What makes a good secretary of State?
As Condoleezza Rice faces confirmation hearing Tuesday, history offers many models.
WASHINGTON — By many accounts, Alexander Haig came off as a secretary of State more interested in his own agenda than in furthering the priorities of the president he served, Ronald Reagan.
"General Haig was enormously talented, but he was not a team player," says Lee Edwards, a Reagan scholar at the Heritage Foundation. "He would come into a cabinet meeting saying, 'We have to do this or that,' and you could tell Reagan didn't like it."
It may also be why Haig didn't last long and is not generally cited as a particularly successful occupant of America's top diplomatic post. By contrast, his successor, George Shultz, often is. For starters, Mr. Shultz took what President Reagan liked to call his "simple ideas" and got down to the business of implementing them.
With Condoleezza Rice facing Senate hearings Tuesday on her nomination as secretary of State, the question of what makes a successful captain at the helm of diplomacy is again on the Washington agenda - amplified by challenges from the Middle East to East Asia.
Different secretaries are known for different approaches, and for different strengths and weaknesses. The Shultz tenure is considered by many experts as the "golden years" of the American diplomatic corps, for the respect and closeness the secretary developed with department professionals. James Baker, secretary of State to the first President Bush, preferred on the other hand to work with a coterie of close advisers and largely disregarded the rest.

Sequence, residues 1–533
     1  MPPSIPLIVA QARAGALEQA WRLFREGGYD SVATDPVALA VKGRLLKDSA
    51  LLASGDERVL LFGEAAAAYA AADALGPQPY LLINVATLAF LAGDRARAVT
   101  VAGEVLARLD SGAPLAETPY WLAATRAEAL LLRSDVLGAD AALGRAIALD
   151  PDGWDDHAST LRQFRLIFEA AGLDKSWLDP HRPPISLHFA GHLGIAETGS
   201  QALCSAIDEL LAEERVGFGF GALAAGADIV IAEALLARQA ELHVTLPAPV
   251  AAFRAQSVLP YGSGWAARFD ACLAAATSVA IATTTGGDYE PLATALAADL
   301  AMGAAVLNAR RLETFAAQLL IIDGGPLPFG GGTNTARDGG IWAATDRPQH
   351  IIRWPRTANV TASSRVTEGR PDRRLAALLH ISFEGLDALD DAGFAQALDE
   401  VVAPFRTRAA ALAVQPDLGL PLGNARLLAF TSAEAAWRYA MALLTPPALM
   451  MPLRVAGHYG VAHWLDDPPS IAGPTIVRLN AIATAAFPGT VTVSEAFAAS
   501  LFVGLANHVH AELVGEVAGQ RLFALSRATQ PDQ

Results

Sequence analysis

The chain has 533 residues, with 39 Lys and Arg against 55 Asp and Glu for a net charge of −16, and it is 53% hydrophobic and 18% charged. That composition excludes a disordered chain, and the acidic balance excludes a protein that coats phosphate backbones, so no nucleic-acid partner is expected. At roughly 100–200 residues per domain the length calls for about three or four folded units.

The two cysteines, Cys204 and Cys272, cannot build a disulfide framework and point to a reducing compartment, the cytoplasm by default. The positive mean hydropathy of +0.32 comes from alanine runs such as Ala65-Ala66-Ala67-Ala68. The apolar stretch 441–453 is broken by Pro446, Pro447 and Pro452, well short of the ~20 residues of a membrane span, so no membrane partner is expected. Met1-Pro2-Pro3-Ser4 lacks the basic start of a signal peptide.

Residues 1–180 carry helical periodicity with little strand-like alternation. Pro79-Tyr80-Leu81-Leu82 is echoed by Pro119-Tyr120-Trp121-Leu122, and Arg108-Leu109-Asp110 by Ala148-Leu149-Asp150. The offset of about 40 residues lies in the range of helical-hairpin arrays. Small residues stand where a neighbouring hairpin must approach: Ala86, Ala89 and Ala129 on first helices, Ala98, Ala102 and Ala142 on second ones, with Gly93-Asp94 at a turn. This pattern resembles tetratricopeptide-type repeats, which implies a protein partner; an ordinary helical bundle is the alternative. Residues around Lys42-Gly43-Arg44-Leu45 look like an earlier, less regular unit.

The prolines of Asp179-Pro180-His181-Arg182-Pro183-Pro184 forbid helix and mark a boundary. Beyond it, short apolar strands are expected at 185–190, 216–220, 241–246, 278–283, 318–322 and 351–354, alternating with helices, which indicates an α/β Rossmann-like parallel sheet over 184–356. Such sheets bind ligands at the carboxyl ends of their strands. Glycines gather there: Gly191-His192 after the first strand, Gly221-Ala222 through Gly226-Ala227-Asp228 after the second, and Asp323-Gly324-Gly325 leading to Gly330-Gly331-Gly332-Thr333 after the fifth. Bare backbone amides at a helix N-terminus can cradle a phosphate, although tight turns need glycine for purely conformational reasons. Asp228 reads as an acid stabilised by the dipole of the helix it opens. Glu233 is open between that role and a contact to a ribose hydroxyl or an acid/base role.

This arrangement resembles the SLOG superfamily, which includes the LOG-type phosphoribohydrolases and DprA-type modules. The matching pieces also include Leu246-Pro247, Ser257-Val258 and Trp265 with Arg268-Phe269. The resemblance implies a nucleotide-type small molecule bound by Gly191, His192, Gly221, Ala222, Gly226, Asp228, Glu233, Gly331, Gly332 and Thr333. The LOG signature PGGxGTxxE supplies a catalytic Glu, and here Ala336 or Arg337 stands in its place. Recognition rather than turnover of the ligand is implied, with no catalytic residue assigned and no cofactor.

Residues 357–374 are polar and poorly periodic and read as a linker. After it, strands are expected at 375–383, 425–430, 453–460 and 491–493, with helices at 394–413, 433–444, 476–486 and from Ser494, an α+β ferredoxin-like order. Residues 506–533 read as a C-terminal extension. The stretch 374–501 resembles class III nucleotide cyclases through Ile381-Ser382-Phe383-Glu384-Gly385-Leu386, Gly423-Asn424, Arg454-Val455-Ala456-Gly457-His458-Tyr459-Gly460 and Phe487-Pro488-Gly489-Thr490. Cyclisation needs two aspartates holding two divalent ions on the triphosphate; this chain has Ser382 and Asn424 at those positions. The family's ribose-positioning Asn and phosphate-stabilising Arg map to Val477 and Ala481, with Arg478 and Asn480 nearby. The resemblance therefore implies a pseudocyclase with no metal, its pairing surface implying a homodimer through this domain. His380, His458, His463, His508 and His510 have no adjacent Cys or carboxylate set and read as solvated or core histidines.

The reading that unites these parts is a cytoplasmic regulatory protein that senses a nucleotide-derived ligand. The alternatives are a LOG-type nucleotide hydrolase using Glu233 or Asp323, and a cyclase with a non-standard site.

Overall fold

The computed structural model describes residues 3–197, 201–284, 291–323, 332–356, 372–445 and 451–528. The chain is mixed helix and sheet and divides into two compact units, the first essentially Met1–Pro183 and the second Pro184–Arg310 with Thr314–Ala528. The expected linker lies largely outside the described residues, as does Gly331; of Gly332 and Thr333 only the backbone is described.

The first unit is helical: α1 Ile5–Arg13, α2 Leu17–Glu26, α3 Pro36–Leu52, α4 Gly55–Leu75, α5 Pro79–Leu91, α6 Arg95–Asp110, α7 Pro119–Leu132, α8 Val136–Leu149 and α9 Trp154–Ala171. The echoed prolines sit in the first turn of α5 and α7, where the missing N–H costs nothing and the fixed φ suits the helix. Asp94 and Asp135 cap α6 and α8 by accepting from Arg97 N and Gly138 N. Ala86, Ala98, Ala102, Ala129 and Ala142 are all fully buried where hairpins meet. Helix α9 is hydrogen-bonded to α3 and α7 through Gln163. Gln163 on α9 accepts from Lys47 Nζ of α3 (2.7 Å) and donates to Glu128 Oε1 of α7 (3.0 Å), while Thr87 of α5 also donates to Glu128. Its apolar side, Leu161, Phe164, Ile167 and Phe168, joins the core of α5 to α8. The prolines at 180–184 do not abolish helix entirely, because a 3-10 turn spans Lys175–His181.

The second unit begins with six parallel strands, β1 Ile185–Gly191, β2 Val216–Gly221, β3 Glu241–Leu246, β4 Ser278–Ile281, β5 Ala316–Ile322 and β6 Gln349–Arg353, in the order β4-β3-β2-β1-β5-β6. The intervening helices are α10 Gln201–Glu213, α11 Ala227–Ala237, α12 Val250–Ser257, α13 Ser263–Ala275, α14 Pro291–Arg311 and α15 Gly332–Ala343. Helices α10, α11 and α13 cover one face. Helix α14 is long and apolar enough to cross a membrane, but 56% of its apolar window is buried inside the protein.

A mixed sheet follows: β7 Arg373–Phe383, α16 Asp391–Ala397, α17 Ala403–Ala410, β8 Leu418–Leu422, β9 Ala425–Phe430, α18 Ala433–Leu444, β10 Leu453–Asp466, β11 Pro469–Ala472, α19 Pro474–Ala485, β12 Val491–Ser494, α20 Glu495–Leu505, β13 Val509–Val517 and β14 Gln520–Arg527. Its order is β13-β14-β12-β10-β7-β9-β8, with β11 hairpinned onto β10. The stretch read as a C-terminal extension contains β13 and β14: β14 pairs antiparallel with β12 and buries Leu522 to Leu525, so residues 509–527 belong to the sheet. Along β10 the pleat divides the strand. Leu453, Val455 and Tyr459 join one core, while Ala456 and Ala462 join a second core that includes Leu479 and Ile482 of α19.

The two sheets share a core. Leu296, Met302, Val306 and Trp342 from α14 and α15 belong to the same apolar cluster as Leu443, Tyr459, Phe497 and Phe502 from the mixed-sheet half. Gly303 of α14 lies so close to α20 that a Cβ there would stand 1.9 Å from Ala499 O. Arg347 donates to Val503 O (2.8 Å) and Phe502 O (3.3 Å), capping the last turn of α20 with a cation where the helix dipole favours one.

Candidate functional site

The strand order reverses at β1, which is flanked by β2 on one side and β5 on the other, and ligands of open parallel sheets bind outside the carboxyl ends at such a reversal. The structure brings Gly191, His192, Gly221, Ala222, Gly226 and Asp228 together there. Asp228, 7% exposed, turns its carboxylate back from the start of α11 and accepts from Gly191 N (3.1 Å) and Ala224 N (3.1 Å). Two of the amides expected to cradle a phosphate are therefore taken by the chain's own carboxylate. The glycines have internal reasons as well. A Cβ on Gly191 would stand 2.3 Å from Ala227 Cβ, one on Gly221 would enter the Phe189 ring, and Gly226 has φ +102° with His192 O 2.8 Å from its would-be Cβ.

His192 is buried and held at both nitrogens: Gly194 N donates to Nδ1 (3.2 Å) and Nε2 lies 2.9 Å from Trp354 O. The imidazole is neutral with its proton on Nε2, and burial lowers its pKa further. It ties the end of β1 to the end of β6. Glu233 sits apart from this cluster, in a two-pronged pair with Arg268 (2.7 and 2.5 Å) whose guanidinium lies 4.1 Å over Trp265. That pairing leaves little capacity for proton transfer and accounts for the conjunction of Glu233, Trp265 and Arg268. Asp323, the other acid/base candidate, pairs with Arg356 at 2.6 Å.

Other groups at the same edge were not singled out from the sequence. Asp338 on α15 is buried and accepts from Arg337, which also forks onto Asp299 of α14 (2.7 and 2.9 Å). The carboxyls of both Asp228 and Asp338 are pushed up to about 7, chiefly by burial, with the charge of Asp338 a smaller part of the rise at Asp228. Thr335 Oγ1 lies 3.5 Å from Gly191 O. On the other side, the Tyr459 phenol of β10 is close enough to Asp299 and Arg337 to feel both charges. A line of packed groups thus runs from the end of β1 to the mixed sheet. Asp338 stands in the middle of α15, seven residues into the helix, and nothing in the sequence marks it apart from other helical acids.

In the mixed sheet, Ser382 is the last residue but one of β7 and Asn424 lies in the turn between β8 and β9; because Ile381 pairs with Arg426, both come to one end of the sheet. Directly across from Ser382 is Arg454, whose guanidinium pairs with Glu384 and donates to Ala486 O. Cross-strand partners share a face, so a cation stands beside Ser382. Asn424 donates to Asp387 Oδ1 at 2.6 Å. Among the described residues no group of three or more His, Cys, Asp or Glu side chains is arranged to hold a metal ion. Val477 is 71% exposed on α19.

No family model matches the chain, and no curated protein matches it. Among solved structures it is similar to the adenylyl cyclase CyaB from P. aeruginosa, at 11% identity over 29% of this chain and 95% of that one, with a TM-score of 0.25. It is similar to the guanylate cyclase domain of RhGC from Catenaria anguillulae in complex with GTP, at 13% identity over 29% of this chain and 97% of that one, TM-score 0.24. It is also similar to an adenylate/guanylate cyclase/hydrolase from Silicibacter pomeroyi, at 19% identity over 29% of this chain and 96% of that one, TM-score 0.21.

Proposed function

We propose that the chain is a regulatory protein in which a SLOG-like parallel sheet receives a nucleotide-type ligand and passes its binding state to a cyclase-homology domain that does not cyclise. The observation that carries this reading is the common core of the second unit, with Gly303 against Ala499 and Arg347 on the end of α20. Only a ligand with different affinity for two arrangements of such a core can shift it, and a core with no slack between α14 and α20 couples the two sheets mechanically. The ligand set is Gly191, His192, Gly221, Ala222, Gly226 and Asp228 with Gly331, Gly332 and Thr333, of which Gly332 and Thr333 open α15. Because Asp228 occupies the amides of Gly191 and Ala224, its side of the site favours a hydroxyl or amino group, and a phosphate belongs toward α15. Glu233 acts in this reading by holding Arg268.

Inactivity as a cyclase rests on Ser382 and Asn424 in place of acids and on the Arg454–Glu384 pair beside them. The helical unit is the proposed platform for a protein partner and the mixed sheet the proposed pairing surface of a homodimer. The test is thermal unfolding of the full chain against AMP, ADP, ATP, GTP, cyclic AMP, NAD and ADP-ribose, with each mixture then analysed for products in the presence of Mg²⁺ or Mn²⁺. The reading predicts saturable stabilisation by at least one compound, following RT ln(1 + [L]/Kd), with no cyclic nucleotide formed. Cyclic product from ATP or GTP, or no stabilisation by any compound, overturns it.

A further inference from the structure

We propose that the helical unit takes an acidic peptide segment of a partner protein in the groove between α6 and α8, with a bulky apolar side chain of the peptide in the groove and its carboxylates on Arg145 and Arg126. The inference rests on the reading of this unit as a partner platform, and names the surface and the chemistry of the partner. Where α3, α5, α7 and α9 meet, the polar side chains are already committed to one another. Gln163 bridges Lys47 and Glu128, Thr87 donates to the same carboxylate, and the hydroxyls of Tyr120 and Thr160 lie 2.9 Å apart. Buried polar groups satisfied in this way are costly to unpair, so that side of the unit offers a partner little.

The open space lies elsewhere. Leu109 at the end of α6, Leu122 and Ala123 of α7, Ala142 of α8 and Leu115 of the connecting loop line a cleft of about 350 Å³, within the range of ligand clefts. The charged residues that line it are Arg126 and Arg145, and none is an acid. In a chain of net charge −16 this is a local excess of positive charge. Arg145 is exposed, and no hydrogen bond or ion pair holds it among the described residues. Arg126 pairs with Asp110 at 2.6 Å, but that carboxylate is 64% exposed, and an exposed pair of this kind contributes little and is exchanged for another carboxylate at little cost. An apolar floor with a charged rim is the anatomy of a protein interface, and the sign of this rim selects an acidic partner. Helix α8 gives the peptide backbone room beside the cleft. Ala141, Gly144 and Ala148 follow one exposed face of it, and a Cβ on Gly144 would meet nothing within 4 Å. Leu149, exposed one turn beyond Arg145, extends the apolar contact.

And Warren Christopher, President Clinton's first secretary of State, was considered more successful in small-group settings than when articulating policy to the public - even though one "model" of a secretary of State is to give a face and voice to US foreign policy.
"[Christopher] was a brilliant negotiator," says James Steinberg, Clinton's deputy national security adviser, "he just wasn't always the best communicator."
No single model exists for a successful secretary, experts say, largely because the president, his policies and style, and other principal foreign-policy players are such crucial variables. Then there is the influence of the events of the day.
"What worked for Nixon and Kissinger is not going to work necessarily for a Clinton or a Bush," says Mr. Steinberg, now director of foreign policy studies at the Brookings Institution in Washington. "There's no ideal model the president should always follow."
Still, there are certain factors that more than others have determined a secretary of State's success. Chief among them, say specialists, is the secretary's relationship with the president.
"The most important factor in assuring a secretary's success is his or her relationship with the president - and on that score Condoleezza Rice is way ahead of the game," says Karl Inderfurth, a former assistant secretary State. "The last secretary of State to have had such a close relationship to a president was James Baker with the first President Bush. [It] was so solid and based on such strong ties that it was unshakable."
Mr. Inderfurth, now teaching a course on secretaries of State at George Washington University, says such a bond - which Rice has developed with George W. Bush since serving as his chief foreign policy adviser in the 2000 campaign, as his national security adviser, and as a fellow sports fanatic - is an advantage that other administration foreign-policy heavyweights are unlikely to disregard.